461 U.S. 424 (1983), 81-1244, Hensley v. Eckerhart
|Docket Nº:||No. 81-1244.|
|Citation:||461 U.S. 424, 103 S.Ct. 1933, 76 L.Ed.2d 40|
|Party Name:||C. Duane HENSLEY et al., Petitioners v. Thomas ECKERHART et al.|
|Case Date:||May 16, 1983|
|Court:||United States Supreme Court|
Argued Nov. 3, 1982.
Plaintiffs brought action on behalf of all persons involuntarily confined at forensic unit of state hospital, challenging the constitutionality of treatment and conditions at the hospital. The United States District Court found constitutional violations, and awarded plaintiffs attorney fees, and appeal was taken. The Court of Appeals, 664 F.2d 294, affirmed, and certiorari was granted. The Supreme Court, Justice Powell, held that District Court failed to properly consider the relationship between the extent of success and the amount of attorney fee award, and cause would be remanded to permit District Court to determine the proper amount of fee award in light of Supreme Court's determination that the extent of a plaintiff's success is a crucial factor in determining the proper amount of award of attorney fees.
Vacated and remanded.
Chief Justice Burger filed a concurring opinion.
Justice Brennan filed an opinion concurring in part and dissenting in part, in which Justices Marshall, Blackmun and Stevens joined.
[103 S.Ct. 1935] Syllabus[*]
Respondents, on behalf of all persons involuntarily confined in the forensic unit of a Missouri state hospital, brought suit in Federal District Court against petitioner hospital officials, challenging the constitutionality of treatment and conditions at the hospital. The District Court, after a trial, found constitutional violations in five of the six general areas of treatment. Subsequently, respondents filed a request for attorney's fees under the Civil Rights Attorney's Fees Awards Act of 1976, 42 U.S.C. § 1988, which provides that in federal civil rights actions "the court, in its discretion, may allow the prevailing party, other than the United States, a reasonable attorney's fee as part of the costs." After determining that respondents were prevailing parties under § 1988 even though they had not succeeded on every claim, the District Court refused to eliminate from the attorney's fees award the hours spent by respondents' attorneys on the unsuccessful claims, finding that the significant extent of the relief clearly justified the award of a reasonable attorney's fee. The Court of Appeals affirmed.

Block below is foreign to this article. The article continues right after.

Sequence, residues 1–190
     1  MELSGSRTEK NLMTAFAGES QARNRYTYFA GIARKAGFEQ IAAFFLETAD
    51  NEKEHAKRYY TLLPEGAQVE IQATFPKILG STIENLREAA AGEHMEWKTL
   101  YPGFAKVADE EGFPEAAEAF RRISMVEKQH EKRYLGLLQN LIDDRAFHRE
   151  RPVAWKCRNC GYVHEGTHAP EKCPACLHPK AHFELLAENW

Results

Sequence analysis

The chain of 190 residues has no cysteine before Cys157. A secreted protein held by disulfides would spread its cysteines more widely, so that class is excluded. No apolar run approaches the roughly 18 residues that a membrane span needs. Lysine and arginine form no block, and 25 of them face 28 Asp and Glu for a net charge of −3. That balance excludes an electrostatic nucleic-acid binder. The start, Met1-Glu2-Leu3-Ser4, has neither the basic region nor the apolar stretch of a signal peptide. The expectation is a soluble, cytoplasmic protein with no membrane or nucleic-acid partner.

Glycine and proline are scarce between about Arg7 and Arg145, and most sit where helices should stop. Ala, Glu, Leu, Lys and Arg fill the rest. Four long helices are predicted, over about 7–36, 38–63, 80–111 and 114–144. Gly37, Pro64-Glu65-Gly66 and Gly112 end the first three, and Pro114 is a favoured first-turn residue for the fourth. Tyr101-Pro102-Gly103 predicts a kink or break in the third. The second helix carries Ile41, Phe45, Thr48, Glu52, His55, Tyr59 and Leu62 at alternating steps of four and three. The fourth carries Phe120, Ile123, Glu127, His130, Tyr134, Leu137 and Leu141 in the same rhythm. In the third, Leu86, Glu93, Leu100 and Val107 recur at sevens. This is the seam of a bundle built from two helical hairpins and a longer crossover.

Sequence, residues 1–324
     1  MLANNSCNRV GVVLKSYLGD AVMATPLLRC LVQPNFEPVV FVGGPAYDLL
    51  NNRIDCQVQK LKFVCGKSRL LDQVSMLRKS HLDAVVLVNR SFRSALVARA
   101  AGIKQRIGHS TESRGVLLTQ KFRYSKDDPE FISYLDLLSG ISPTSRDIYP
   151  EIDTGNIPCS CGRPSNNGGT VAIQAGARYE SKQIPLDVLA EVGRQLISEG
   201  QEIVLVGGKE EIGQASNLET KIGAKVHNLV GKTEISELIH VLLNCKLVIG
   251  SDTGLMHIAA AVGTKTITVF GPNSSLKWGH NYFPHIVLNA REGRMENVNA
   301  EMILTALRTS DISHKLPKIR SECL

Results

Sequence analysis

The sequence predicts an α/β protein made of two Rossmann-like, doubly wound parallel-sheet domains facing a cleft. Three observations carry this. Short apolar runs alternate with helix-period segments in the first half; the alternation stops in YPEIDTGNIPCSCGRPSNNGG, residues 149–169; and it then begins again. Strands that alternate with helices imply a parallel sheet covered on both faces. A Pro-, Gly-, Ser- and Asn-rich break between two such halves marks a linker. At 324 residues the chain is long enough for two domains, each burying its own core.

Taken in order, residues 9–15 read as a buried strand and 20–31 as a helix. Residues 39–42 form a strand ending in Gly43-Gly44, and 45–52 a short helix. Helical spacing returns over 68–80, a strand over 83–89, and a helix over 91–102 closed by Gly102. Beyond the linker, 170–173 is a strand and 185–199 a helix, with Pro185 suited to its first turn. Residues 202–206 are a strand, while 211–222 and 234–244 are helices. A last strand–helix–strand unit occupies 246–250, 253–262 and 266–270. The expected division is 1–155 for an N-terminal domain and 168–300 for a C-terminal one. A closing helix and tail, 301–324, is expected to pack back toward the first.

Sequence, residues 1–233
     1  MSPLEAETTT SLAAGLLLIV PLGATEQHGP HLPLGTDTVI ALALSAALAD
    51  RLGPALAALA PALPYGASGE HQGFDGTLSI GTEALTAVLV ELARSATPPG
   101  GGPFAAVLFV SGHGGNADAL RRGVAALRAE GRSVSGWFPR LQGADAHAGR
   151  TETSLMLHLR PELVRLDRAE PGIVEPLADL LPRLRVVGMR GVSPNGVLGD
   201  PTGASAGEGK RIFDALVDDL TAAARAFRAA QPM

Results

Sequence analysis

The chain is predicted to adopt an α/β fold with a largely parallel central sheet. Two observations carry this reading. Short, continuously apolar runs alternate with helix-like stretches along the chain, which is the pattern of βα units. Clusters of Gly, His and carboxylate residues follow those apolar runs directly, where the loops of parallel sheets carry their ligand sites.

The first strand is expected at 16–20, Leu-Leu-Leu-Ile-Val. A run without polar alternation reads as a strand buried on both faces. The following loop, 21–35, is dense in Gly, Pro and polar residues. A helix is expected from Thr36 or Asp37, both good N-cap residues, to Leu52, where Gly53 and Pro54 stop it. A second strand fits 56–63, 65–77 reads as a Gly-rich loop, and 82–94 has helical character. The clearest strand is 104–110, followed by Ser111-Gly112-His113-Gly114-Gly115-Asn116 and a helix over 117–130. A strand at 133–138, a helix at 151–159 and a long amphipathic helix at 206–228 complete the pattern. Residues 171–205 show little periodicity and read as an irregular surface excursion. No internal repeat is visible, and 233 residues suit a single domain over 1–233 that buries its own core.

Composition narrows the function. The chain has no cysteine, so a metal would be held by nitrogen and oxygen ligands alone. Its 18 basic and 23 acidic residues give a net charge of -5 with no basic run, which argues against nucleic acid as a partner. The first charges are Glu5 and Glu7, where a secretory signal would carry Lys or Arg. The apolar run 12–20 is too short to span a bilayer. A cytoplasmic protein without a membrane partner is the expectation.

Held: The District Court did not properly consider the relationship between the extent of success and the amount of the attorney's fee award. The extent of a plaintiff's success is a crucial factor in determining the proper amount of an attorney's fee award under § 1988. Where the plaintiff failed to prevail on a claim unrelated to the successful claims, the hours spent on the unsuccessful claim should be excluded in considering the amount of a reasonable fee. Where a lawsuit consists of related claims, a plaintiff who has won substantial relief should not have his attorney's fee reduced simply because the district court did not adopt each contention raised. But where the plaintiff achieved only limited success, the court should award only that amount of fees that is reasonable in relation to the results obtained. Pp. 1937-1942.
664 F.2d 294 (8th Cir., 1981), vacated and remanded.
Michael L. Boicourt, Assistant Attorney General of Missouri, argued the cause for petitioners. With him on the brief was John Ashcroft, Attorney General.
Stanley J. Eichner argued the cause and filed a brief for respondents.*
* Robert E. Williams, Douglas S. McDowell, and Lorence L. Kessler filed a brief for the Equal Employment Advisory Council as amicus curiae urging reversal.
Jack Greenberg, James M. Nabrit III, Charles Stephen Ralston, Steven L. Winter, Norman J. Chachkin, and E. Richard Larson filed a brief for the NAACP Legal Defense and Educational Fund, Inc., et al. as amici curiae urging affirmance.